Nearly 4.5 million American children ages 4 to 17 suffer from attention-deficit/ hyperactivity disorder, according to the Centers for Disease Control and Prevention. Because not all these children respond to medications such as Ritalin or Adderall, some parents turn to herbal supplements to treat the symptoms associated with the neurobehavioral disorder.
But a new study, led by Wendy Weber, a physician specializing in naturopathic medicine and a professor at BastyrUniversity in Seattle, is one of the first to rigorously test one of these herb-based medicines. Weber’s team reports that children suffering symptoms of ADHD show no improvement in attentiveness when treated with St. John’s Wort extract. The results appear in the June 11 Journal of the American Medical Association.
“There are a lot parents who have concerns about having their kids take stimulants such as Ritalin,” Weber says. “Reading the literature you can see why they are hesitant. Stimulants are strong medications, and parents at my practice hesitant to use them unless they have to.”
St. John’s Wort is a yellow-flowered plant whose medicinal uses were first recorded in ancient Greece. In 1997, scientists in Germany showed that taking extracts of St. John’s Wort can inhibit the reuptake of brain chemicals such as serotonin and norepinephrine.
Medications used to treat ADHD have the same inhibiting effects on brain chemicals. Blocking the uptake of the chemicals seems to result in improvement in ADHD-diagnosed children’s ability to pay attention, Weber says. The children also are less hyperactive.
In the last 10 years, the FDA approved Strattera, a non-stimulant drug that blocks norepinephrine uptake. Weber and her colleagues hypothesized that extracts from St. John’s Wort might affect the brain in the same way as Strattera. Since reports were coming in that parents might be trying to treat ADHD with St. John’s Wort, Weber and her colleagues wanted to see if the plant extract actually did have an effect in treating symptoms of the disorder.
The researchers conducted the first-ever randomized, placebo-controlled clinical trial designed to treat children diagnosed with ADHD with St. John’s Wort. Fifty-four participants ranging in age from 6 to 17 participated in the study. The researchers randomly assigned 27 children to receive 300 milligrams of 0.3 percent hypericin. Hypericin is one of two compounds derived from the St. John’s Wort flower and leaves. Researcher think hypericin is the active ingredient that affects brain chemicals, Weber says. The dose is the standard level thought to be effective.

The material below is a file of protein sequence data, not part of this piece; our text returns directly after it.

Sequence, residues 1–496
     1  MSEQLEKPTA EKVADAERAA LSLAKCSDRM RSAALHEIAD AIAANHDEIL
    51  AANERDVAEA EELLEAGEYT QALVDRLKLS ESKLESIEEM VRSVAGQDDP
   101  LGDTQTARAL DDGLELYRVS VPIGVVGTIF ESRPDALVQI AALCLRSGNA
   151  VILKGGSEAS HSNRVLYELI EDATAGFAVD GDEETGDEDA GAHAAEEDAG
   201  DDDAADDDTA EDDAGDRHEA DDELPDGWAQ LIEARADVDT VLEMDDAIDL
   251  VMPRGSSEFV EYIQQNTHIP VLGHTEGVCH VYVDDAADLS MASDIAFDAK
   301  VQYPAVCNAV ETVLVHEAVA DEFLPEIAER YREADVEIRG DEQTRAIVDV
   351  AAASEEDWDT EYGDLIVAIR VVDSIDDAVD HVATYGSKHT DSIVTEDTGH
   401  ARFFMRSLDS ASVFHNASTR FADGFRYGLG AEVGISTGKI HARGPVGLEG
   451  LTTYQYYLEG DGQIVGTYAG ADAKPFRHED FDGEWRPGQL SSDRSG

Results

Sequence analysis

The other 27 children received a placebo filled with rice protein powder and activated charcoal to match the color of the St. John’s Wort pill. The researchers told the participants to take the respective pills three times a day for eight weeks, and not to take any other ADHD medications during the study.
To measure the changes in attentiveness, researchers used the psychiatrist-developed ADHD Rating Scale-IV and the Clinical Global Impression scale. Using these diagnostic tools, the researchers can rank improvement in behavior on a scale of 0–54 and 0–7, respectively.
The study found no statistically significant improvement in the behavior of children given the hypericin versus those given the placebo. On the ADHD rating scale, for example, inattentiveness improved, on average, 2.6 points for the children taking the experimental treatment. The behavior improved 3.2 points for those taking the placebo.
Weber says for FDA-approved medications such as Strattera and Ritalin, the improvement in attention increases by 10 to 15 points on the ADHD rating scale. She also notes that in clinical trials researchers tend to see what they call the placebo effect, where participants show improvement even though they are not receiving medication.
“This study was well done,” says Eugenia Chan, a developmental-behavioral pediatrician at Children’s Hospital Boston. “It was a small study, and it is possible that with a much larger sample of patients you might find that there is some positive effect of St John’s Wort.”
But, she adds, this study is the first of its kind for St. John’s Wort.
“It is important to keep in mind that herbs and supplements are not always safe or well-studied. They can have side effects, and they are not regulated to the degree that pharmaceutical drugs are,” Chan says. “Because of the lack of regulation, the potency can differ from pill to pill within the same bottle.”
One possible reason for the results is that the hypericin in the pills used in the study may have degraded over time, Weber says. This problem could also affect the St. John’s Wort pills currently on the market, the team reports.
She says that if researchers want to retest St. John’s Wort and its effect on ADHD, they will have to figure out how to keep the compound from degrading. As for she and her colleagues, they will choose another alternative medicine to run clinical tests on.
“People deserve to know and be able to understand the potential risks and benefits to all treatments they may be considering,” Chan says.
Currently, physicians are better able to explain the risks and benefits of FDA-approved drugs, such as Ritalin, because a large research base exists for these types of medications.
“There isn’t the same accumulation of high quality evidence for most complementary and alternative medicine therapies. This study used rigorous methodology to study one of those therapies,” Chan says, “and I hope it inspires others to do the same.”